Art faculty present solo exhibitions

SYDNEY HAUER, Executive Editor

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Solo exhibitions by two professors in the art department are currently on view in the UNI Gallery of Art.

“Drop Shadow” by Aaron Wilson, printmaking professor, and “Visions” by Noah Doely, assistant photography professor, will be on view until Sept. 29.

According to Wilson, he thought his work would show well with Doely’s.

“I thought our work would show well together and I didn’t have enough work to fill this whole gallery space, so I thought, why not have this be a two person show?” Wilson said.

He asked gallery director Darrell Taylor about doing a show in the future, and there turned out to be an opening for the fall.

“I had been wanting to have an exhibition at UNI for a while, and I’ve also been wanting to see all of these bodies of work together,” said Doely. “I basically ended up having the exhibition because Aaron Wilson was showing his work and he asked me if I would do it as well.”

All of the artwork in Doely’s show has been made since he started teaching at UNI six years ago.   

“Perception is a theme that connects most of my work,” Doely said. “Thinking about the assumptions a viewer might have when they come to the work and how those assumptions can be destabilized in some way through the process of viewing the work or reading about it.”

An example of Doely’s work is a series titled “Above and Below,” which are photographs of cave-like structures built out of rocks inside of large, water-filled glass tanks, shot by a pinhole camera illuminated by a single light source with an exposure of anywhere from 24 hours to several days. 

The exhibition includes photography, sculpture, video and found objects as mediums.

“I’m interested in origins, especially origins that relate to science, art and myth in some way. Nature is frequently the subject of my work, but I am more interested in the way that nature is interpreted, measured and mediated. It’s all depictions of nature, but I am interested in the way that photography mediates perception.”

Doely explained that much of his work is about the relationship between seeing and believing, as well as authenticity.

“I called it ‘Visions’ because it is about the act of seeing,” Doely said. “How much can one discern from a visual experience? What do you actually know when you see something? Photography is very limited in the amount of information that it is providing to a viewer. Photography is kind of paradoxical in the sense that it is a tool to establish veracity.”

Doely will be giving an artist lecture titled “Degrees of Certainty” at 6 p.m. on Sept. 25 in Kamerick Art Building Room 111.

Aaron Wilson simultaneously holds two art-making careers. Aside from his solo work, he primarily works together with professor Tim Dooley on collaborative printmaking work. He explained that “Drop Shadow” is much different from their work together, and is mostly drawing based.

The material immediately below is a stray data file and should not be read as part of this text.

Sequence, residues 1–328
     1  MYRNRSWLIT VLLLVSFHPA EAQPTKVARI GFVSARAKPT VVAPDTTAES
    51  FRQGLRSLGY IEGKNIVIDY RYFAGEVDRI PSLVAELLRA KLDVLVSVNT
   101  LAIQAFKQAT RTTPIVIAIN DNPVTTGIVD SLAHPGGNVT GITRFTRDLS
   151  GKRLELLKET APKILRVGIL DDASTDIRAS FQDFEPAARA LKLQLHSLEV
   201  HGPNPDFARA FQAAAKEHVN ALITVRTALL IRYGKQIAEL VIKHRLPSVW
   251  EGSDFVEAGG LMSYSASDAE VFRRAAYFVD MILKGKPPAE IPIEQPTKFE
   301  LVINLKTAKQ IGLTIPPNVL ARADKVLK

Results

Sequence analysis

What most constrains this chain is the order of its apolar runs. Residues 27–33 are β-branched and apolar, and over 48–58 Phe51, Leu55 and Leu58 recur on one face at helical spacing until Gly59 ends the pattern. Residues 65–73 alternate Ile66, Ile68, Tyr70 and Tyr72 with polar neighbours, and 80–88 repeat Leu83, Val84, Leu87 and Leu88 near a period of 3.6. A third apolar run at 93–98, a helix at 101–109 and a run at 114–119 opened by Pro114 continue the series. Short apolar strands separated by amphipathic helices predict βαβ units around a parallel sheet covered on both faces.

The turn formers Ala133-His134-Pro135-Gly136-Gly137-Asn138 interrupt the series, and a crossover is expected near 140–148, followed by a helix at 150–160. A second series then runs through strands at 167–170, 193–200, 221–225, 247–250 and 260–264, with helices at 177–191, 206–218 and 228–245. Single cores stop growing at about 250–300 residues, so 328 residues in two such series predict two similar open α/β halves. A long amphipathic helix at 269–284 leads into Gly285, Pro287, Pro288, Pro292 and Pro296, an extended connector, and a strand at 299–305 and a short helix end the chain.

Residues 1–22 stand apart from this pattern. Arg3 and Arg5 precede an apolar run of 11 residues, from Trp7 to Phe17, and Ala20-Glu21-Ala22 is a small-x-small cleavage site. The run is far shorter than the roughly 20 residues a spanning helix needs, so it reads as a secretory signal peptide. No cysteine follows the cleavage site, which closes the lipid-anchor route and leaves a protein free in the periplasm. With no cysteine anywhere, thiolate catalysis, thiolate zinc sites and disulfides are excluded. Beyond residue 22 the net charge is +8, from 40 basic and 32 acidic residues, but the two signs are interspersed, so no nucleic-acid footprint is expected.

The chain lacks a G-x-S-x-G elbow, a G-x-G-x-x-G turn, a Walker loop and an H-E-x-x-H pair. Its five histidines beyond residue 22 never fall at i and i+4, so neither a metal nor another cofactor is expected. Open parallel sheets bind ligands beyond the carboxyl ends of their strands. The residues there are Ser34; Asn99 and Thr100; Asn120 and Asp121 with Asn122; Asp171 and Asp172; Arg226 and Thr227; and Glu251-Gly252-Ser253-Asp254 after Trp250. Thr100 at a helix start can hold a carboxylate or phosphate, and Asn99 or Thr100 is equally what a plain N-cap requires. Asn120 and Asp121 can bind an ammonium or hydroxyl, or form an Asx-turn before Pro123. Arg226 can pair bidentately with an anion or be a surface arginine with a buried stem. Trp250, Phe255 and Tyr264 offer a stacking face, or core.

“It is work that I’ve been creating for 10 years, kind of off and on between working with Tim,” Wilson said. “I was just kind of moving stuff around in storage, and I thought, I think I probably have a show here.”

Wilson came to the title of the exhibition, “Drop Shadow” after thinking about potential titles for a while.

“Over time I thought about the black and white, and sort of the dark, noir quality of the work and I liked this idea of drop shadow; it’s a shadow of whatever the thing is,” Wilson explained. “The idea that you’re going to make something highlighted by putting darkness around it.”

Wilson felt as though the exhibition kind of served as an opportunity to put a cap on the specific body of work in the show.

“I just thought, there is sort of a mood to this work, and I also sensed artistically I am probably coming out of that desire to make that type of work.”

One of his favorite pieces in the show is titled Mensch, a charcoal drawing and screenprint of a mannequin head on a circular panel.

“The pieces that I’m still most intrigued with are the pieces that I have had to struggle over the most,” Wilson said. “That is the piece in the show that I’ve worked on the longest… It all stemmed from a photo I saw on eBay of somebody trying to sell a reproduction army helmet. They stuck it on the mannequin, took a flash photo right in its face, and I really liked that photograph.”

He ordered different mannequin heads and went through a process of trying to recreate the photograph, but couldn’t get it exactly right. He went through a multi-step process to finally get the piece to where he was happy with it.

“If it comes down to this specific exhibition, I would say if you’re thoughtful about what you see here, you’re going to find maybe some themes that have to do with history and repetition, and to some degree superstition too,” Wilson said.  “I am interested in realism and hierarchy as well.”

The UNI Gallery of Art is located in Kamerick Art Building and is free and open to the public. The gallery hours are 10 a.m. to 7 p.m. Monday through Thursday, and 12 p.m. to 5 p.m. on Friday and Saturday or by appointment.

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